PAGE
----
Dream Factory for positive dream outcomes


June 4, 2004

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Takara, the company which invented the bowlingual dog and meowlingual cat translation devices, is not afraid of unusual concepts and the odd bit of artistic license with its claims.

This time the company has announced a 'Dream Factory', designed to be played during sleep and designed to positively reinforce goals and outcomes using taped audio, music, lights and aromatherapy.

Prior to going to bed, the user of the Dream Factory has a small ceremony to perform which involves visualizing the dream or desired outcome and recording some audio to support the attainment of the dream.

The machine is designed to stimulate the user when their mind is most open to autosuggestion during the state of rapid eye movement (REM).

The machine is also designed to wake the user gradually to ensure greater retention of the programming and so the user can remember the dreams of the previous evening.

The Dream Factory will go on sale in May at around AUD$180

After eight hours, it wakes them up gradually with music and lights that simulate sunlight, avoiding any shock that could destroy fragile memories.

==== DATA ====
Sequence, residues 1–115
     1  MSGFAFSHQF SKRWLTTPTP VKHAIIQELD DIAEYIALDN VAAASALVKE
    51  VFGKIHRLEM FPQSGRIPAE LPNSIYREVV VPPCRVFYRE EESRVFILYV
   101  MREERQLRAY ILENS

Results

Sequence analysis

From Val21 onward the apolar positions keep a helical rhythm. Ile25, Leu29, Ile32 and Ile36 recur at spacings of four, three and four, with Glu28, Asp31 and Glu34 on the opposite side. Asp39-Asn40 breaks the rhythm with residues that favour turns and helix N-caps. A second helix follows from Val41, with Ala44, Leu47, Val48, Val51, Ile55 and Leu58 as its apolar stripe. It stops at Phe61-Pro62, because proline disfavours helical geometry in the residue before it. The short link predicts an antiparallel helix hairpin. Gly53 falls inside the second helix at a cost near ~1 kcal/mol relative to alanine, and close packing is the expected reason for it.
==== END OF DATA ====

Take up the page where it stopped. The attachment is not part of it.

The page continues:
Unlike the dog and cat translators, the Dream Factory seems to be based on more traditional and recognized technologies.

About the Author
Mike Hanlon Mike grew up thinking he would become a mathematician, accidentally started motorcycle racing, got a job writing road tests for a motorcycle magazine while at university, and became a writer. As a travelling photojournalist during his early career, his work was published in a dozen languages across 20+ countries. He went on to edit or manage over 50 print publications, with target audiences ranging from pensioners to plumbers, many different sports, many car and motorcycle magazines, with many more in the fields of communication - narrow subject magazines on topics such as advertising, marketing, visual communications, design, presentation and direct marketing. Then came the internet and Mike managed internet projects for Australia's largest multimedia company, (Australia's largest Telco), (Australia's largest employment site),,, and a dozen other internet start-ups before founding Gizmag in 2002. Now he writes and thinks. All articles by Mike Hanlon
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